Choosing A Right Method Of Meditation

When facing stress, adversity, and suffering, many Zen masters teach that simply by sitting in meditation with an upright posture, being aware of the breath, and anchoring oneself in the present moment, you can become enlightened or find peace in that very moment.

However, this isn’t the teaching of the Buddha. Without merit, desires and fantasies constantly arise and pull us away, making us lose awareness of our breath and causing our minds to become restless. If the mind isn’t tranquil, suffering persists, and stress remains. Once the meditation session ends, the tension, suffering, and adversity we encountered remain unresolved, those issues await an opportunity to resurface.

Due to the nature of desires and fantasies, suffering arises from mistakes, ignorance, greed, and arrogance. We don’t eliminate suffering by trying to avoid or evade it; instead, we directly confront it, embrace the pain, recognize our mistakes, repent, and cultivate merits. True insight leads to tranquility, while mistaken insights lead to further restlessness.

Living an ethical life for the benefit of all beings, we bring happiness to others, thereby creating our own happiness through acts of kindness or charitable deeds. Additionally, meditating to eliminate desires and fantasies can bring internal tranquility. Conversely, when sitting in meditation and attaining inner stability, wisdom arises. We become more aware of our own faults, leading to repentance and a stronger commitment to ethical living.

This inseparable relationship between meditation practice and ethical conduct is crucial. If meditation is used merely as a means to stop and detach from life, it can lead to indifference and neglect of responsibilities.

Choosing A Right Method Of Meditation
Choosing A Right Method Of Meditation

Before practicing meditation, please keep in your mind some key points that assist us in choosing the right method of meditation. If no Zen master has taught you about these essentials, please refrain from rushing into practice to avoid negative consequences.

  1. Meditation is the harmony of

– Inner peace

– Wisdom

– Morality

It is not just the inner peace alone in the soul.

If we think that meditation is only about inner peace, we will easily fall into the misconception that we do not need to care about anything, do not have any responsibility to anyone, and do not need to know anything…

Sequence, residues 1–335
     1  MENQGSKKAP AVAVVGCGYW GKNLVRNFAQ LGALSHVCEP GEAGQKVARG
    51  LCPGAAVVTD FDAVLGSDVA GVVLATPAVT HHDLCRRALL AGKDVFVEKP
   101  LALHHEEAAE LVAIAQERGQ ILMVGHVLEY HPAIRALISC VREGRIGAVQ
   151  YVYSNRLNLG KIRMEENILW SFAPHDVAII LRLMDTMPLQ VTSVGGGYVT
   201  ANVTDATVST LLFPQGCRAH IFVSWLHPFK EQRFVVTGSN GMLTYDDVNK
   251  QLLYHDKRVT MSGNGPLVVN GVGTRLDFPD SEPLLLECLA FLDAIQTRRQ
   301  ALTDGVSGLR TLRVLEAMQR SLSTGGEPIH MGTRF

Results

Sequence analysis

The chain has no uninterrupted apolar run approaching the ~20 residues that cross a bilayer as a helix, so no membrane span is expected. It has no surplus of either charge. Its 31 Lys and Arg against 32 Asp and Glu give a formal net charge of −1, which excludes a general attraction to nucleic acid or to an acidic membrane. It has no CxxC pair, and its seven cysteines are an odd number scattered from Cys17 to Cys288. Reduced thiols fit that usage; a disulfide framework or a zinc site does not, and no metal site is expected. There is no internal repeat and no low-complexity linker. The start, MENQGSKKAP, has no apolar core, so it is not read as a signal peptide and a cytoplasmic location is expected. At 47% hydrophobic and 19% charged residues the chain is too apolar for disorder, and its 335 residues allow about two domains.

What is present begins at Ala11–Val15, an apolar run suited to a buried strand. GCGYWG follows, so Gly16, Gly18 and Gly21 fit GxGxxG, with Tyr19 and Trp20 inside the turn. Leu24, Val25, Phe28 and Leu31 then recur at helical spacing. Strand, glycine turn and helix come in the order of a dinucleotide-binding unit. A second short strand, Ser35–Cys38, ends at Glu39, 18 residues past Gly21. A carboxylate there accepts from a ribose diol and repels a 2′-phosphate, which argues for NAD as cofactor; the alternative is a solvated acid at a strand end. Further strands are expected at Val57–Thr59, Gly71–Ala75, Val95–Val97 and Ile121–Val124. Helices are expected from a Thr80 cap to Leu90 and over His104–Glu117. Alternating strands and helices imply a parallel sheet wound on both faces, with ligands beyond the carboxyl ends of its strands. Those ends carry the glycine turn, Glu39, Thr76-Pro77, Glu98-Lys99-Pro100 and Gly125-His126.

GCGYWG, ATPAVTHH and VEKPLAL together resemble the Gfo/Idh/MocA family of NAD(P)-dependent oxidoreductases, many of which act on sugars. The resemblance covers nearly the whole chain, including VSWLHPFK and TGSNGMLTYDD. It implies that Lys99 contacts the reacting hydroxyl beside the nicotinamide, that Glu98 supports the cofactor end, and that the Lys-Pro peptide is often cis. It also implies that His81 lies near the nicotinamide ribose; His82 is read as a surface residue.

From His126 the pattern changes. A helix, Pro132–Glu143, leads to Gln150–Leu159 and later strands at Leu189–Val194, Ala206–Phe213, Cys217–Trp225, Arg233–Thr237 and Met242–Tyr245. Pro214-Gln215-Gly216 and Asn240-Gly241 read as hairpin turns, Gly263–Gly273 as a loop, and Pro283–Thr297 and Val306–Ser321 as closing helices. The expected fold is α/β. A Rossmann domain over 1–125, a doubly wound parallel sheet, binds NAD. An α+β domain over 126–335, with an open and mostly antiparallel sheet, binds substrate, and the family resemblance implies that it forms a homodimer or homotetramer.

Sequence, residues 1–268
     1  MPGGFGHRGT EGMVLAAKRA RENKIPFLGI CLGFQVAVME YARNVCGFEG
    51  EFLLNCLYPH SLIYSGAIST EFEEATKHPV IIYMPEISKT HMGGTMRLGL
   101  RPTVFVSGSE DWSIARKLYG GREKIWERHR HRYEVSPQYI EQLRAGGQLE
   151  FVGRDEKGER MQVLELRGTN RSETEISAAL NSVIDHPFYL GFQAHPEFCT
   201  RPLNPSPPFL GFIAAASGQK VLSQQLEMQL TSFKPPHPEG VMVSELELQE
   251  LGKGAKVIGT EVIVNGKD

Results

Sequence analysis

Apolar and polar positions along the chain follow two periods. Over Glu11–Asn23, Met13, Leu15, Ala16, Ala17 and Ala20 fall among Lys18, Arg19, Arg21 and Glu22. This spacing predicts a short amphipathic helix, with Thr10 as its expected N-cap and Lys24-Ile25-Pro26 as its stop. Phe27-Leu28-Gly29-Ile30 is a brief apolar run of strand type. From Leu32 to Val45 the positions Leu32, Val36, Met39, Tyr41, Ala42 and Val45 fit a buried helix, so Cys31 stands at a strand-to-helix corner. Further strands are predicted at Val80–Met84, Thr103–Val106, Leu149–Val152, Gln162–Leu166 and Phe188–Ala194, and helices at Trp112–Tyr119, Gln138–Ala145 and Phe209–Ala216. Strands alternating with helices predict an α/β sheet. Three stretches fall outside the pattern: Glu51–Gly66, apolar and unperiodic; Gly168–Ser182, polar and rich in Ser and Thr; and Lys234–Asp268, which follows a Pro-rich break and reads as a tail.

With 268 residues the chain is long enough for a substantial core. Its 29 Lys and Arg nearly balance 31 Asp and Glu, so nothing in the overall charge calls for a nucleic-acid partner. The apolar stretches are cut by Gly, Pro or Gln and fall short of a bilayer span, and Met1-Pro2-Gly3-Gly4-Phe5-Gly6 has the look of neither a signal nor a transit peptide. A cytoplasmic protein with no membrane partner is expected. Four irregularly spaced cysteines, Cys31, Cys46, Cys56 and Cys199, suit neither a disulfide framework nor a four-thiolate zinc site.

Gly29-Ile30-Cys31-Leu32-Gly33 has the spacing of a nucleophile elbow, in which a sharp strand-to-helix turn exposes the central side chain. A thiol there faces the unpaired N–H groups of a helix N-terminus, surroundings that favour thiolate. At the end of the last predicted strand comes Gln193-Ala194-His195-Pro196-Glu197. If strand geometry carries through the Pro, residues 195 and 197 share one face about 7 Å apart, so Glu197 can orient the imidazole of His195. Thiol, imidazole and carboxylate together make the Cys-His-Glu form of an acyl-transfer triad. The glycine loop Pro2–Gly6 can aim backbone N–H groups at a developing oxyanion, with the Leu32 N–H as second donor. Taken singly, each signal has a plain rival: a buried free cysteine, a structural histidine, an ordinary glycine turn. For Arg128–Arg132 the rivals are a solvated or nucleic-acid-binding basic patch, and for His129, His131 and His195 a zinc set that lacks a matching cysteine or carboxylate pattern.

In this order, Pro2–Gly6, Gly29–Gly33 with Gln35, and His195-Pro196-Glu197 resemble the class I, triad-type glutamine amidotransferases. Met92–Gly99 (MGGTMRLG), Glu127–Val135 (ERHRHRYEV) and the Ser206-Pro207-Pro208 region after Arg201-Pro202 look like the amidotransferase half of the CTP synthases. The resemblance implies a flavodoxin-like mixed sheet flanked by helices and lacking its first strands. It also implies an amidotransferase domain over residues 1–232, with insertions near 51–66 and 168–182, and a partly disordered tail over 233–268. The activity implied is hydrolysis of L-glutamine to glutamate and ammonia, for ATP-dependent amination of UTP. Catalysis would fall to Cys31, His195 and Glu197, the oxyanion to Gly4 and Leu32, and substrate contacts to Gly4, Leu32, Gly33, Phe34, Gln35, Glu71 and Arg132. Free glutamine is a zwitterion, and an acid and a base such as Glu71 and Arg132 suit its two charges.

Meditation must be a beautiful life from the soul to the outward behaviors.

Unwholesome thoughts disturb the mind, while wholesome ones calm it. Inner tranquility is compatible with morality, so anyone who practices meditation needs to improve their morality very well.

Inner tranquility also helps us see our moral faults more easily. When we reach a higher level in meditation, hidden bad tendencies deep in our souls will be discovered and neutralized. That’s why meditation is said to have the power to build perfect morality.

Meditation and morality greatly affect each other. We can only attain the Right Concentration when we have eradicated almost all unwholesome thoughts arising from our self.

Morality and meditation are similar in that they both focus on the mind.

Morality judges our thoughts right or wrong, good or evil.

Meditation judges our minds peaceful or unpeaceful.

(The eight-fold path teaches us how to lead a moral life)

  1. The most miserable thing for a meditation practitioner is wandering thoughts. They are footprints of our mistakes in past or present lives. We need to cultivate blessings to gain awareness, to realize wandering thoughts, and eliminate them. This blessing is accumulated through cultivating the eight-fold path. 

Achieving good results in meditation requires more than just sitting silently and practicing the right method; it involves living meditation.

  1. Inner peace is the first stage in cultivation progress. The ultimate goal of meditation is to gain no self, attain enlightenment and liberation.